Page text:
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Stick that in your clipboards and paste it, you so-called "lazy journalists"!

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Wednesday, February 28, 2007

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Remembering two 228 Incidents

First, the one less talked about

On February 28, 1980, while Lin Yi-hsiung (林義雄) was in prison on charges stemming from the Kaohsiung Incident, his seven-year old twin daughters and his mother were brutally murdered while their home was under 24-hour surveillance by secret police under the rule of Chiang Ching-kuo (蔣經國). Another daughter survived that incident despite being stabbed several times, but grew up without her grandmother or her two sisters. This horrific act took place 33 years after another incident which led to the deaths (including executions on the street), political imprisonment, and disappearance of tens of thousands of people in Taiwan at the hands of the Chinese Nationalist Party (KMT) under the lead of the aforementioned Chiang's father, Chiang Kai-shek (蔣介石).

The "228 Incident" of 1947
On February 27, 1947, a woman named Lin Chiang-mai (林江邁) was selling cigarettes illegally on a Taipei street when KMT officers attempted to confiscate her wares. In the struggle, the officer struck the woman in the head with his gun, and she later died. Witnesses to the event chased the officers away from the scene. They fled to a police station, and when citizens gathered there to ask for justice, the officer fled out a back door.

The next day, February 28, a larger crowd gathered at the Governor-General's Office to protest, but were met with machine gun fire. This doesn't sound like the "uprising" the China Post and the BBC's Caroline Gluck would like you to believe it was.

In the subsequent months and years, Taiwan's intellectuals were methodically killed off, jailed under false pretenses, and terrorized by authorities in the period of Taiwan's history that is known as "White Terror."

Sixty years after the 228 Incident of 1947, the embattled presidential wannabe and disgraced former KMT chairman Ma Ying-jeou (馬應九) and his minions are still obfuscating history with their whines of "Stop bringin' up old stuff" and "Japan did it." Yet until this "transitional justice" is dealt with, this "old stuff" will continue to be raised against the party which perpetrated the crime.

More info
Articles from today's Taipei Times:
* Decades later, 228 still haunts Taiwan
* Hardline academics blame Japan for 228 Incident
* Amendment calling for 228 trial halted by pan-blue camp
* A series of 7 more articles: The 228 incident: Sixty years on
* An op-ed by Randall Schriver which states bluntly that "senior US officials are largely unaware and ignorant of what transpired in Taiwan after Feb. 27, 1947, including the White Terror era."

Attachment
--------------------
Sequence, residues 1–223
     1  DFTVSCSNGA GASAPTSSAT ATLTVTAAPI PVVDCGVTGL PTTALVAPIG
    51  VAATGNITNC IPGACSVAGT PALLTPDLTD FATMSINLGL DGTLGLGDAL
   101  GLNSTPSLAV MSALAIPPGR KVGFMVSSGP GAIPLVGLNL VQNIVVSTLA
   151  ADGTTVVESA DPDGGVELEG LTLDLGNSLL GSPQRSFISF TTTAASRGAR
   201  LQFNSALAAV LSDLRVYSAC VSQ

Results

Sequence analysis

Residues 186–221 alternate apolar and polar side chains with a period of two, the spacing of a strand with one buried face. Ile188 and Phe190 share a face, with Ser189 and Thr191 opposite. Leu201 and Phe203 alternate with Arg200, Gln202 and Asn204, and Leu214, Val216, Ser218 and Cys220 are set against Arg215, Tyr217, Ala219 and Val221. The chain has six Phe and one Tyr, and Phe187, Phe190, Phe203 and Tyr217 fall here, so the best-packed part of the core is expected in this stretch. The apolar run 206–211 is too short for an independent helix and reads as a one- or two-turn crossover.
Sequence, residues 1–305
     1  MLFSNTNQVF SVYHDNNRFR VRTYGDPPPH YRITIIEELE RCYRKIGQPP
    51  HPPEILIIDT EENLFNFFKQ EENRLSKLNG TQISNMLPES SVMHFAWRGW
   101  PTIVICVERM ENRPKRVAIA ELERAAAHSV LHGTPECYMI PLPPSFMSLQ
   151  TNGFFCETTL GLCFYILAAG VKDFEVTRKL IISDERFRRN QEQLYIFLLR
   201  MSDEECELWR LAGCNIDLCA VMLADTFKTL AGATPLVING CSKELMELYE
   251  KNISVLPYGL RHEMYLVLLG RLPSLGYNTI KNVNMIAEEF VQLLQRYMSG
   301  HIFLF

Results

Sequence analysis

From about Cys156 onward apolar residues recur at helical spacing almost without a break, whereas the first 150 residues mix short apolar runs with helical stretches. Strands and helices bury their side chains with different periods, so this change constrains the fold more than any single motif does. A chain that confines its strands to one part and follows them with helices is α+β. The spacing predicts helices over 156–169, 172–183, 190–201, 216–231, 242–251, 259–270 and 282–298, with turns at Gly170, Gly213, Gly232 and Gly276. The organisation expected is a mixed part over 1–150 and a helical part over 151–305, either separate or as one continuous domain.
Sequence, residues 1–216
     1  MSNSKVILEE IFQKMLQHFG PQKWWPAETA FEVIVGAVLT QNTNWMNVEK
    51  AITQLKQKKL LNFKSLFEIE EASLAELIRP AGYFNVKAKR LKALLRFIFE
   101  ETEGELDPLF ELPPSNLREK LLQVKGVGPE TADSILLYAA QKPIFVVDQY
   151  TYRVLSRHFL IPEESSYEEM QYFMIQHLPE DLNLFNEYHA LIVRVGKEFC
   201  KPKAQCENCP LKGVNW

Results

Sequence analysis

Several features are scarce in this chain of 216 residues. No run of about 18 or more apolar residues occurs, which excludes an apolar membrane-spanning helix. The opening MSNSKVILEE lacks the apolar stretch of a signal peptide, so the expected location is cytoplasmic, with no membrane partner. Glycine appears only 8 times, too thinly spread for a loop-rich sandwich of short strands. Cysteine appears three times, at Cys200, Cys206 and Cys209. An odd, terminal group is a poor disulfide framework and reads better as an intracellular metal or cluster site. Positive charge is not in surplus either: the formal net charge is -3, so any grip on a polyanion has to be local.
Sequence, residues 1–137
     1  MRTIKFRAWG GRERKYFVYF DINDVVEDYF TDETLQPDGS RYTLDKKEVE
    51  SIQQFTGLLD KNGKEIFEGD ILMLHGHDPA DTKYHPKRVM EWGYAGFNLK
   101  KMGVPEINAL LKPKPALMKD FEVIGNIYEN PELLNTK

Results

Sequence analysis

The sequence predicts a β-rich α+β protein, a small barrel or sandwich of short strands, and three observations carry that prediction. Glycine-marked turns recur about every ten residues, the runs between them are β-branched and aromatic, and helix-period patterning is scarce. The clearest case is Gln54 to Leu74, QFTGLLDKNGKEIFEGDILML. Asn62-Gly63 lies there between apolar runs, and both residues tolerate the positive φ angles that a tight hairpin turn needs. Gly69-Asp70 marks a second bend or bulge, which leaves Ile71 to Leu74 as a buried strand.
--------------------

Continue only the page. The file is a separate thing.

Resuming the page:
* Today's editorial: Historical record is key to justice

UPDATE 1:
The March 1, 2007 edition of the Taipei Times continues the "228 Incident: Sixty years on" series with four more articles.
Other blogposts:
* Michael Turton on Taiwan's Own Holocaust Revisionists
* Wulingren wrote last Friday about a May 24, 1947 article in The Nation.
* Previous posts on INDIAC
* Previous posts on Taiwan Matters!
Videos (most in Taiwanese or Chinese with Hanzi subtitles):
* 台灣的歷史-戰後與二二八事件 [Taiwan History - Post-WW2 and the 228 Incident]
* A 2-part video from CassidyTW: 二二八60週年 - 紀念殞落的228菁英 [60th anniversary of the 228 Incident - In memory of the fallen elite of 228] (lots more links there)

UPDATE 2: Here's a 3-part video from SET that I uploaded to YouTube:
* Part 1/3 6'58"
* Part 2/3 8'01"
* Part 3/3 9'33"
* Here's another video to think about when the KMT pulls their "Stop bringing up old stuff" act and tries to sweep 228 back under the rug where it couldn't be talked about for so long. Via the Hanzi titles which accompany the images onscreen, it reminds viewers how France, Poland, and Germany haven't done so with the Holocaust, but have instead faced up to that dark part of history. In contrast, every city in Taiwan has downtown streets named after Chiang Kai-shek (中正路). That page also has links to WMV versions of the video. Check out the plethora of links listed at the end of the video as well.
* And here's a WMV video of a Taiwan "anthem" performed karaoke style (they sang right through the bridge) by the president, the V-P, and lots of DPP stalwarts.
More links:
* Wikipedia entry on the 228 Incident
* Wikipedia entry on George Kerr
* George Kerr's Formosa Betrayed [PDF, 1.1 MB]
* See chapter four of Jerome F. Keating's Island in the Stream (co-written with April C.J. Lin)

UPDATE 3:
* Here's the page for the 228 Incident Memorial Foundation.
* Here's a poignant song sung in Taiwanese about the 228 Incident -- from the site that brought the "Surgical Blade Action" (手術刀). They've already gathered some 62,000 signatures, BTW.
Because of KMT control of the media and education system, many younger people in Taiwan don't know enough to even care about the 228 Incident. However, in order to secure their own future, it is something they must learn about.

Lest we forget: , , , , , , , ,

Cross-posted at It's Not Democracy, It's A Conspiracy!

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Venusian Politics

And if he went back, there was a warrant waiting for him from the Federation Member Republic of Venus. That was standard procedure. If you got voted out of office, they indicted you for corrupt practices. There were no other kind in Venusian politics.-- H. Beam Piper, When In the Course --